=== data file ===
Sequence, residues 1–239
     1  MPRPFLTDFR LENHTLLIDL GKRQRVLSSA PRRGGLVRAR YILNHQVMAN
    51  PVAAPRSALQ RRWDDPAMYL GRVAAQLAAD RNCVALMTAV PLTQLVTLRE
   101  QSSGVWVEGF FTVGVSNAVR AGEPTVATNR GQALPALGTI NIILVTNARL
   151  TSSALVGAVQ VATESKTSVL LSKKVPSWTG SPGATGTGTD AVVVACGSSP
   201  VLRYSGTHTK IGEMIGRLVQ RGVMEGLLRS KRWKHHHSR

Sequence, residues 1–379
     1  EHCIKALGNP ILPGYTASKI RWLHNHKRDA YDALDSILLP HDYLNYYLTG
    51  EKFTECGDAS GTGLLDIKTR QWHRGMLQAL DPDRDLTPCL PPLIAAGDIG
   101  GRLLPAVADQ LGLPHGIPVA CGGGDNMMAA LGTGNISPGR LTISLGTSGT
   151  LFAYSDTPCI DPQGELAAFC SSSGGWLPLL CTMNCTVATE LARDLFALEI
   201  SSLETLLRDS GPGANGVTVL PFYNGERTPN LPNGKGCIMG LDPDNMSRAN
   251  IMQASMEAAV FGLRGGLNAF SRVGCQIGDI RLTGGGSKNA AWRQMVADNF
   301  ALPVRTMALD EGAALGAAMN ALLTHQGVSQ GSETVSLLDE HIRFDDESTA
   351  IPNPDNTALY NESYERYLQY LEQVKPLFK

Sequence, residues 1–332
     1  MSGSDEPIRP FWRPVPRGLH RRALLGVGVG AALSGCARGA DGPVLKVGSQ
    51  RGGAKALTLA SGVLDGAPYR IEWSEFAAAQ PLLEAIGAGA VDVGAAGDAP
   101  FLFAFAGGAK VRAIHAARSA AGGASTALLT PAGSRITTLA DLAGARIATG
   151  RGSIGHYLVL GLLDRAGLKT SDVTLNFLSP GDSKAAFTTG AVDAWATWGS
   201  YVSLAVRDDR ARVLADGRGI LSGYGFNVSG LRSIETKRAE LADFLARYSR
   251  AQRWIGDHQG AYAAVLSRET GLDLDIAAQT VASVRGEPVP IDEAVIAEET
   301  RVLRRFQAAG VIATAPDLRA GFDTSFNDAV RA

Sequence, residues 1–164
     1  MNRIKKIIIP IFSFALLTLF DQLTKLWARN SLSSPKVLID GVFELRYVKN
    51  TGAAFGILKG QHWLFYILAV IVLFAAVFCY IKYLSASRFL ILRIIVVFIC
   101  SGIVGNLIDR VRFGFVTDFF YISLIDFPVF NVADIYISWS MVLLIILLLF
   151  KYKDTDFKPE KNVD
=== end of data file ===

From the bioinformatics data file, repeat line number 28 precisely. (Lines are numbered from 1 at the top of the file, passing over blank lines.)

   151  KYKDTDFKPE KNVD